Will FOX get it? I wouldn’t count on it.

Comic Con’s End

Comic Con has had its own stabbing, and while Comic Con has never been short of fights, they’ve usually been the nerd rage kind where two people yell insults at each other until they run out of breath. And since plastic swords usually can’t hurt you much, there’s never been a stabbing. The stabbing reflects the changing nature of Comic Con, as being more about people chasing movies, than comic books. Plenty of the Comic Con panels have nothing to do with comics, really most of them don’t. So why is Salt there or It’s Always Sunny in Philadelphia? Because Comic Con is now a media event complete with celebrities and directors showing up with their latest movie. The comic books don’t really matter, and DC and Marvel are owned by two major Hollywood studios, which is why DC is taking back a lot of titles from Vertigo, including Hellblazer, because the job 1 over there is to prep everything for film releases. Comic books are IP’s now. They’re only there so studios can turn them into movies. And Comic Con is only there so studios can promote their movies.

Apple’s Collapsing Reality Distortion Field

It’s almost sad to watch how within a month, Apple’s PR has gone from bulletproof to full of holes. But Apple’s own arrogance was also its own undoing. Apple’s arrogance and elitism gave its products the perception that they were superior, and attracted fans who wanted to take home a piece of that elitism and add it to their own identity. Like an expensive French restaurant that serves the same food that cheaper places do, but whose staff is so arrogant and exclusive that patrons assume that the food is better, Apple’s ploy could only work for so long. The iPhone 4.0 antenna mess wasn’t Apple’s first brush with technical problems being covered up with snootiness, denial and blame the customer attitudes, but this time it affected too many people on a basic issue. And Apple’s arrogance and obnoxiousness is making the problem worse. Its determination to drag in every other company to dodge the blame for its own technical problems is starting to look like an 8 year old throwing a tantrum to avoid admitting he did something wrong.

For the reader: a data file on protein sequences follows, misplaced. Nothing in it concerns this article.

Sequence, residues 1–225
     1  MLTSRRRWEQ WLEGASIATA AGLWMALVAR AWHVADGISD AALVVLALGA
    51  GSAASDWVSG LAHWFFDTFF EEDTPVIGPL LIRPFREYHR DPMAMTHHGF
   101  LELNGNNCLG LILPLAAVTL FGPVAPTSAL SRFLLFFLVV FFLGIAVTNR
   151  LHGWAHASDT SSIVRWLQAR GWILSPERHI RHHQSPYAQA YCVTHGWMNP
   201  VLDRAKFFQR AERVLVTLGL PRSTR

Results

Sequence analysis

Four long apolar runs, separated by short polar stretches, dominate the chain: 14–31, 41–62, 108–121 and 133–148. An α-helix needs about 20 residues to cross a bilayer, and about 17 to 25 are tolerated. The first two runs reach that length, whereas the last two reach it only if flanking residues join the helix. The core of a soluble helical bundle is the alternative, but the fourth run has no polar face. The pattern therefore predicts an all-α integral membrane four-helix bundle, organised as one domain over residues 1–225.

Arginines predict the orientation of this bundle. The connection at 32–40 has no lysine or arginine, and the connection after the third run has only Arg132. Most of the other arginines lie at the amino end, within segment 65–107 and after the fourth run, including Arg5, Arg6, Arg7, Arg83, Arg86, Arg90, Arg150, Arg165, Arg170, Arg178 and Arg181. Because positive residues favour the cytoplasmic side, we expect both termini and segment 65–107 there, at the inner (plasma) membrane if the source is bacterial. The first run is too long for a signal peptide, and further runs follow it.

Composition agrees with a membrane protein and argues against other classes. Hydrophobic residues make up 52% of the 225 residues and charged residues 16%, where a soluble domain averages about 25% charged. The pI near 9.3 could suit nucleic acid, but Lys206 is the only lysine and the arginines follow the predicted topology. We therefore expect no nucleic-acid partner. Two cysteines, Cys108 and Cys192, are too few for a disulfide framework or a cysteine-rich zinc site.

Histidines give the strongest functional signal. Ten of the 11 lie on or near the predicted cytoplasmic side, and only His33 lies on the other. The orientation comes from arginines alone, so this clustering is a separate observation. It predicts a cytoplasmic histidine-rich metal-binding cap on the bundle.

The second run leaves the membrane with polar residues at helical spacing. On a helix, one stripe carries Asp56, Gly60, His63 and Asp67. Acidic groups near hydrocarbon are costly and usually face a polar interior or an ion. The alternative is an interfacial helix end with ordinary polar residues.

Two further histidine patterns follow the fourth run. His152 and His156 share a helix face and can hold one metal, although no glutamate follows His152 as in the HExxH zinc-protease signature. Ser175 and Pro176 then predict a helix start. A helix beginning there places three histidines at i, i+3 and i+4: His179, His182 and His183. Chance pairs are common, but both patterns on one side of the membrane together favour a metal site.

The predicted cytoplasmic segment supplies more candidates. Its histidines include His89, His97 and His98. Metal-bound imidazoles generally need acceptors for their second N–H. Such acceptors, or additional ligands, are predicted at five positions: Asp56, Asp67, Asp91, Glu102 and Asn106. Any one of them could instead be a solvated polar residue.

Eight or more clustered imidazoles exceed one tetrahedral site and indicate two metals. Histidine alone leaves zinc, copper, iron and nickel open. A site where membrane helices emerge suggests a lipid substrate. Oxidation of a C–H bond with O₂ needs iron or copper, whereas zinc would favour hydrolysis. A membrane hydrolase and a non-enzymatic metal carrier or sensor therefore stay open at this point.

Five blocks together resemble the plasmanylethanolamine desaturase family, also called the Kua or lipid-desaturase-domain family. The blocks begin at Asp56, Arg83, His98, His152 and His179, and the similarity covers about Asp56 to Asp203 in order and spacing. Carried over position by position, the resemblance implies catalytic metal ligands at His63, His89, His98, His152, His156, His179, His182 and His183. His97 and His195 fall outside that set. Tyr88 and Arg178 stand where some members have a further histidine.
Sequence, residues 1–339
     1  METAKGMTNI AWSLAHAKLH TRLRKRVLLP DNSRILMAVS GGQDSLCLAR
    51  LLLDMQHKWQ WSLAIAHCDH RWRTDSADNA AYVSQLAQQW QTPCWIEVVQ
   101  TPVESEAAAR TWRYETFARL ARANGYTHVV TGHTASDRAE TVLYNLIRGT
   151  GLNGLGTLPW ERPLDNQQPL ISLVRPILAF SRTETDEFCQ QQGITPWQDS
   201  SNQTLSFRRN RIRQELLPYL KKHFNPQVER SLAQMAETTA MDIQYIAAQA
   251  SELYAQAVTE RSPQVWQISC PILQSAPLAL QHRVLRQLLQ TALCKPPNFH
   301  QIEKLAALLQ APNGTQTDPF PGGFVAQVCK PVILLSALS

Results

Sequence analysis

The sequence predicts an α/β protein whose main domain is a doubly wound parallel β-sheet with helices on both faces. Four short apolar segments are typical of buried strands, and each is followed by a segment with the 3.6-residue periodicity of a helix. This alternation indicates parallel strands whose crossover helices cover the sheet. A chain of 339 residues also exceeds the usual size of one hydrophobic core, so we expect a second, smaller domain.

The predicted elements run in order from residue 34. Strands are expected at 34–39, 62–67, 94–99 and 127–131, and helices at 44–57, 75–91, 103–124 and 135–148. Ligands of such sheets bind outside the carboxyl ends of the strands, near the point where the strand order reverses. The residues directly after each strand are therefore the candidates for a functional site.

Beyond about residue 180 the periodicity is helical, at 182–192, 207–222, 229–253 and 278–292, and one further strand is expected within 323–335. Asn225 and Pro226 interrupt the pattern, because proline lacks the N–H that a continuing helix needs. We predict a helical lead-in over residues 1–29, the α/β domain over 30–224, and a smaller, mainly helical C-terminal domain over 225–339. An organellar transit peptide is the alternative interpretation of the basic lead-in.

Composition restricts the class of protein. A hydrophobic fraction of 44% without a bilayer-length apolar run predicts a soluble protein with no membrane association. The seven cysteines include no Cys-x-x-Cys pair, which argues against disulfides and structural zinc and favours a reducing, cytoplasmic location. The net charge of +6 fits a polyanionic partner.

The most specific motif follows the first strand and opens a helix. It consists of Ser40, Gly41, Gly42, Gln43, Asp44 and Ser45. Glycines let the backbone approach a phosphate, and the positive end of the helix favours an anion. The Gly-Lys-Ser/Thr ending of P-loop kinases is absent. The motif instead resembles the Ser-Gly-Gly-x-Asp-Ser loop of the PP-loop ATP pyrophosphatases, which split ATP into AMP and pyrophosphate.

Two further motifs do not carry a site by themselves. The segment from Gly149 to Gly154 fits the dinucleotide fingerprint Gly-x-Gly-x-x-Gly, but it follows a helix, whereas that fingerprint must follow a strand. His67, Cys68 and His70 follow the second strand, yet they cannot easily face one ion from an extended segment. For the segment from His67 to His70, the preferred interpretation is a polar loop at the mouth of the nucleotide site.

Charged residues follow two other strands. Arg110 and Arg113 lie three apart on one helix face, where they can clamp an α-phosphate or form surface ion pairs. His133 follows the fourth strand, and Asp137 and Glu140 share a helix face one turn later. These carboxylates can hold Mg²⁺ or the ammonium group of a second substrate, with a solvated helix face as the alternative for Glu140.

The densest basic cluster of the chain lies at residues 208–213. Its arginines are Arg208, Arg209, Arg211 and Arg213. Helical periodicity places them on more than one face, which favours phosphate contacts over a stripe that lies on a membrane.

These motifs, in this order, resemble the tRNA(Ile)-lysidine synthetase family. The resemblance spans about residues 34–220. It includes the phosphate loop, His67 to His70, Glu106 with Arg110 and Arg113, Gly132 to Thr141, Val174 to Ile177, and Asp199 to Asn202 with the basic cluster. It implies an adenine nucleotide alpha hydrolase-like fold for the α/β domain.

Google’s Game Agenda

What exactly makes Google think that it can launch a games portal? Who knows. So far when it comes to entertainment, Google isn’t exactly riding high. Google Video failed. Google’s social networking efforts failed. And enlisting Zynga isn’t going to change that. Zynga’s games worked not on quality, but on social networking. Delete Zynga from Facebook and you don’t have much left. By embedding click social gaming into a vast social network, Zynga was able to recruit a large user base, but Google doesn’t have a large social networking base to offer them, not unless you’re counting on Orkut, or some attempt to shove Google Games into Gmail. Which means either hoping Facebook Farmvillers will follow Zynga to Google Games, where they’ll be socially isolated, saving everyone from seeing another Farmville message, or Google shoving Google Games into its search page for a while, until they realize people aren’t interested and give up.